I'd like to bake a chicken. Let's say it's already washed, marinated, sitting on tray and ready to bake. I usually do it at 180 degrees C, for 1 hour. My main problem is that the skin is not crunchy enough and the meat is kind of "wet" and watery.
I'd like to know what will change if I bake it longer at this temperature, or if I bake it for the same time at higher temperature. Basically, how does temperature, baking time and air flow (optional ventilation in the oven) affect the meat. I guess I should experiment, but I'd like to understand the underlying processes a bit.
My method for cooking a chicken is this:
Rub chicken with olive oil and a good amount of salt and pepper (salt is important for a crispy skin).
Cover with foil and bake for ~40 minutes @ ~180 degrees C. This part is to actually cook the bird through - skin at this point will be white and unappetising.
Increase the temperature to ~220 degrees C for the remaining 20 minutes (I also put Yorkshire pudding and roast pots in at this point as I am usually doing a traditional sunday roast). This crisps up the skin and finishes off cooking the bird.
I then let the bird rest for 10 minutes in a warm place.
If the question is crispy skin, these related questions (1 and 2) provide a lot of tips and tricks to get what you want. As you can see in this answer, the trick is to start at a lower temperature to render all the fat - you also want your chicken sitting on a rack or on top of vegetables so it's not sitting in the fat once it's rendered. Towards the end of your cooking you want to turn up the heat to crisp up the skin after the fat has rendered.
Note that watery meat isn't good, but you do want to keep your meat moist, so you don't want to cook it so long at a high heat that it dries out. Tender meat is greatly helped by using a brine.
Here's what I do:
It comes out nice, brown and tasty.
The time your chicken will take to cook depends on the size and the quality of the bird. A good quality chicken has no need for olive oil or any other fats to be added. A way of ensuring a large bird has juicy tender breast meat is to roast it upside down for the half the cooking time and then turn it over so that the skin browns and goes crispy. I think the golden rule for cooking chicken is to untruss the legs, so if they are tied together untie them before cooking. This results in the thighs cooking at nearer the same time as the breast meat.
First off, don't cook a bird based on time if you can avoid it. The internal temperature of the meat when you put it in the oven, how accurate your oven's thermostat is, how well your oven holds heat and how often you open the door can all make significant changes to cooking time.
Get a good quality instant-read thermometer or a probe thermometer (you leave the probe in the bird and there's a wire to a readout outside the oven), and learn what internal temperature gets the meat properly cooked. You can get to a rough idea of when your chicken will be ready by oven temperature and weight of the bird, but if you want to get the right doneness every time, you really need to cook by internal temperature of the meat.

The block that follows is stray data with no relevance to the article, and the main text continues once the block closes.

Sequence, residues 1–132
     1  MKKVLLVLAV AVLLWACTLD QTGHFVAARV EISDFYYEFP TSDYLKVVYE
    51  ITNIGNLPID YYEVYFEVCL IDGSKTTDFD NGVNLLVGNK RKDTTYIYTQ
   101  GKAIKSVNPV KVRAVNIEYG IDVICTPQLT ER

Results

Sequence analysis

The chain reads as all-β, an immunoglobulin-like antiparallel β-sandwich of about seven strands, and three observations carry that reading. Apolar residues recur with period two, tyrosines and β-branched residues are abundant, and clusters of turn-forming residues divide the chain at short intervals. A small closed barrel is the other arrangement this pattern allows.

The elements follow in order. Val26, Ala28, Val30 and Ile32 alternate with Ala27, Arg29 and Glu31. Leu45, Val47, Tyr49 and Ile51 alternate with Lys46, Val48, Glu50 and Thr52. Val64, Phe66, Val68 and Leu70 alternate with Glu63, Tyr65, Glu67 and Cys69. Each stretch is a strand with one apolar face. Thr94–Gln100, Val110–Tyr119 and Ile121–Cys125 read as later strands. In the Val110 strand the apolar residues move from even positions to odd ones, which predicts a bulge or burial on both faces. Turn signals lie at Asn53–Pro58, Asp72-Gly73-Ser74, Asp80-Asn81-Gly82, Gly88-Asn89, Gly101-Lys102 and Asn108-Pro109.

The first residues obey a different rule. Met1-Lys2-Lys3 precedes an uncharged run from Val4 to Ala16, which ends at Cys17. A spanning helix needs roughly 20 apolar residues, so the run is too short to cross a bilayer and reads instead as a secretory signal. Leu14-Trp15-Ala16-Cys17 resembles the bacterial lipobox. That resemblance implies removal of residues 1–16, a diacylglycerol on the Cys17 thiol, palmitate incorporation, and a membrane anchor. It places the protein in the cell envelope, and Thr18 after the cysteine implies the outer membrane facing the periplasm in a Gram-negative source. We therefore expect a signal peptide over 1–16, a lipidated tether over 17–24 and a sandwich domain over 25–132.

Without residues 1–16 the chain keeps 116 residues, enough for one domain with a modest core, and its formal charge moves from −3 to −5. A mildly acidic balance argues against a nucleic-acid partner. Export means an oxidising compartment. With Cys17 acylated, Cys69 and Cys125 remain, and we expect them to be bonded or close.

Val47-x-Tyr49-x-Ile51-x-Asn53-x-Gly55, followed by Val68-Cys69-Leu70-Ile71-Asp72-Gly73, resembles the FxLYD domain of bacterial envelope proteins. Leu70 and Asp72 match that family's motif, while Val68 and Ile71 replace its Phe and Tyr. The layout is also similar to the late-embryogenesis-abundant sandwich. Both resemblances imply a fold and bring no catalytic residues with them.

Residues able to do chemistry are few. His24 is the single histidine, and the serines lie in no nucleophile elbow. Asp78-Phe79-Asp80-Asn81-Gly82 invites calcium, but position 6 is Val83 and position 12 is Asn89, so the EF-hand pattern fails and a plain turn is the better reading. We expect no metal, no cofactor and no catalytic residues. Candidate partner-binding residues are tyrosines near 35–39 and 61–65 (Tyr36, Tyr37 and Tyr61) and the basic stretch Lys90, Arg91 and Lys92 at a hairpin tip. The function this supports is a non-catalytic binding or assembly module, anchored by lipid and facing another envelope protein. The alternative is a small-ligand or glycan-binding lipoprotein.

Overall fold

Justkt provided some good links for techniques on how you might get the skin the way you want it, and her recommendation of brining is a solid one (though unnecessary for a chicken in my opinion).
I have been cooking chicken to perfect doneness for a long time. The first thing you have to do is know your bird (not personally, but you will know it personally during the cooking process). You see, breast meat cooks at a different rate than the rest of the bird simply because of its composition. LittleDishy answered it above. It's no secret really. What you do is cook the bird upside down (which technically when alive is right side up) for about half the entire cooking duration. If you want the meat to be tender and very juicy. it is a matter of bringing the internal temperature of the meat that is not right next to the bone up at a slow ramp. As soon as we reach about 168 degrees it is time to uncover the bird and up the oven to 400+ degrees. This will cause the skin to crisp and the internal meat temperature to rise above the temperature that any possible bacteria can survive (about 170 degrees). This should not take longer than 8 to 10 minutes. The moment the thermometer reads 170 you then shut the oven down first and immediately remove the bird and cover it up again. Let it cool down until the thermometer reads about 130. Add your garnishments and by the time it is placed on a serving tray it is at about 120 to 125. Pull the cover off and there you have it, a bird with the meat practically falling off the bones, super tender and juicy.
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